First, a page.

1. What is a sheet mask?
They are face-shaped sheets soaked in a nutrition-packed solution called serum. The sheet is made up of a variety of materials including paper, fiber, and gel type. These sheet masks are different from facial masks (paste type) that you only need to apply, take off, and pat in extra serum instead of washing the paste after applying and putting on other skincare products. A sheet mask is generally used once and it is individually packaged. This makes them fast, convenient, and easy to use.
2. How do I use it?
It’s very easy! Apply it on a clean face, leave for 20-30 minutes, take it off and enjoy! You can apply it as often as you want throughout the day or week. Sheet masks are great because you can use them even when you’re cleaning, cooking, reading or watching TV. The good thing is that, you don’t have to bother washing it off after applying!
The sheets are one-size-fits-all, but since every face is not the same size or shape, it would be easier to start from the forehead and pat it softly as you come down to your face while lining up the holes for your eyes, nose and mouth. You can use sheet masks as many times as you want throughout the day or week, but many recommend using it three times a week or once a day for extra care.
3. Where did it originate from?
Sheet masks originated from South Korea, known for their dedication on cosmetics and skin care. Today, these are widely popular in Asia as a whole. Sheet masks are recently changing the beauty industry and gaining popularity in the U.S by seeing various celebrities utilize sheet masks and post about it on their social media. From the recent conduct by NPD Group in the USA, the sale of masks increased about 60%, overwhelming other categories in the skincare business.
4. How does it work?
There is a sheet fully soaked with concentrated serum, which consist of many beneficial ingredients to the skin such as hyaluronic acid and vitamins. These ingredients are in water phase as dissolved. The sheet prevents quick evaporation of water phase and extends the time frame the ingredients require to penetrate deep into the skin. This result in the how do barrier face coverings compare to surgical masks outperforming the effects of the traditional serum-type skincare even when applied once.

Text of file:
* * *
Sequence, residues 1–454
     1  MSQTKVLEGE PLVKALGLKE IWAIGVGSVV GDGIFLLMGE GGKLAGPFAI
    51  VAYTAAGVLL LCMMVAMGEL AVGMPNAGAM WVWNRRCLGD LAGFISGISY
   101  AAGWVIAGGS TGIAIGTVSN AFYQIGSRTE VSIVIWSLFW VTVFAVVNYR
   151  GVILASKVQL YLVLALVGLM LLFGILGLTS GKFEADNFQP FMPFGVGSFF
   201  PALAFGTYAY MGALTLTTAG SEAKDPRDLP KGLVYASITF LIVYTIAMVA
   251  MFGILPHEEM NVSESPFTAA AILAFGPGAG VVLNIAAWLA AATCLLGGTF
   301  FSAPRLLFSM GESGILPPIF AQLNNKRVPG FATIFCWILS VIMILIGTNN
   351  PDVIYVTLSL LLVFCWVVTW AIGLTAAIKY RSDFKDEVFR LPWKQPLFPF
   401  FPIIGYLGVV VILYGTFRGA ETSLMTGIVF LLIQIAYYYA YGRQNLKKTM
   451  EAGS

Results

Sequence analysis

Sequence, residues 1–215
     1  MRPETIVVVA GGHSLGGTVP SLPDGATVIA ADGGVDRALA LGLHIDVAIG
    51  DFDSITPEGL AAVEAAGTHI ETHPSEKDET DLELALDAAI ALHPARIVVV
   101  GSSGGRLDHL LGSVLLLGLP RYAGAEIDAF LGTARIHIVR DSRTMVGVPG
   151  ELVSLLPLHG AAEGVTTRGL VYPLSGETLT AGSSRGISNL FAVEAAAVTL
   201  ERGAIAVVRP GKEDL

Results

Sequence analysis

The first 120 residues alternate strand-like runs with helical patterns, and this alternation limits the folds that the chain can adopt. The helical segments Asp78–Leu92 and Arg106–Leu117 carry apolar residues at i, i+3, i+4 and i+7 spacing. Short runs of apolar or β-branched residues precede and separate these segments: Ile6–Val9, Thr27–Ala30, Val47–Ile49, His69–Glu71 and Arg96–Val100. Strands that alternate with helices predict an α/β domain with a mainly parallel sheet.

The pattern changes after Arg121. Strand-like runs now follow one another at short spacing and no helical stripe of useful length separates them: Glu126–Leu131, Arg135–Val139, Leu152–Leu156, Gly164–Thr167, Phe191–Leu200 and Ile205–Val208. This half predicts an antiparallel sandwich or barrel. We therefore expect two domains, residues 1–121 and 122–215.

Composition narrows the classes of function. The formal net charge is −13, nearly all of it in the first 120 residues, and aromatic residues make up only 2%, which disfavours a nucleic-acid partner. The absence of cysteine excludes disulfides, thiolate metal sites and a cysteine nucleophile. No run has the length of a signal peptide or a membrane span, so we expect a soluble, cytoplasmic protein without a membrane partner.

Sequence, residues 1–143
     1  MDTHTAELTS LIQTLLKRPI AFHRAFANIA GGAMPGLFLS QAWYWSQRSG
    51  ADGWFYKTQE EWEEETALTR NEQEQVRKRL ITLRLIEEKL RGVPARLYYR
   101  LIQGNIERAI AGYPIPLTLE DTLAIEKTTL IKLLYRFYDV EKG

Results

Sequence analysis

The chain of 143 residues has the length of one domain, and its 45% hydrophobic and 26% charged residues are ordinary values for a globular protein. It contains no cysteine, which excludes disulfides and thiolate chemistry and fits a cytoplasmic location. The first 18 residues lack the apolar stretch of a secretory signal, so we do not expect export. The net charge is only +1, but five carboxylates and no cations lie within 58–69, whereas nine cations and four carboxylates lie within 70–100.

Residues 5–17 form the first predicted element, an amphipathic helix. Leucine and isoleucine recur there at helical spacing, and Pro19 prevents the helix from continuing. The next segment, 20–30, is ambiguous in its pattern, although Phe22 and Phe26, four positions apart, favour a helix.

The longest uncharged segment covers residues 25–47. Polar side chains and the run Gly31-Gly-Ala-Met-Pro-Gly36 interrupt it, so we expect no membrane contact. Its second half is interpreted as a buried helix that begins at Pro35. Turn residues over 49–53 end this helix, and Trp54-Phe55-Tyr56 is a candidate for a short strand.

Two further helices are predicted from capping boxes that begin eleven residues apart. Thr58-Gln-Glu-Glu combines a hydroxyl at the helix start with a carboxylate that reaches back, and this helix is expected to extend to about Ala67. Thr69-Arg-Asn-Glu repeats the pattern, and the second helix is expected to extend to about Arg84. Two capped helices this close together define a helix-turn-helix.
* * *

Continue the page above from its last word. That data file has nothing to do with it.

5. What are the Benefits?
They bring fast effects in regards to enhancing the skin. The serum is filled with various vitamins and minerals, and won’t dry out the skin compared to the paste-type face mask. The sheet on your face helps the serum to soak in your skin a little longer. Some of the sheets also claim to brighten and make your skin firm. Basically, sheet masks are inexpensive compared to going to a spa, convenient, easy to apply, and brings glowing effect on your skin.
6. Are there any negative effects from using it?
Their purpose is to nourish, not exfoliate or cleanse your skin. Sheet masks probably are not as effective for exfoliating or cleaning the skin compared to the paste-type mask. In addition, Serum from low quality products evaporates quickly even before it gets soaked into the deeper layer of your skin.
7. Can I afford it? Where can I find it?
It depends on how willing you are to spend and what kind of quality of sheet mask you want. Individual prices range from $2~$14 depending on the brand and quality. The masks can be found almost anywhere now from your local drugstore, Sephora, or department store.
8. What ingredients are used in the serum?
Depending on what function the sheet masks want to perform, the serum contains various ingredients that are commonly used, such as aloe and vitamin c, to more unusual ones such as snail extract and seaweed. However, for prevention against bacteria/fungi contamination, many of them contain chemical preservatives such as parabens and recently phenoxyethanol, which are not good for the skin.
9. What materials are the sheets made out of?
Diverse types of fabric are used for the sheet masks. Four most used materials from the chronological order they were developed:
(1) Non-woven fiber – Inexpensive, difficult mobility, low capacity to deliver serum into the skin
(2) Cottons – Inexpensive, difficult mobility, low capacity to deliver serum into the skin (but better than the non-woven fiber)
(3) Hydrogel – Little pricey, great absorption system, gel-type consistency, two separate parts (top and bottom) to apply on face, difficult mobility, fits the shape of the face well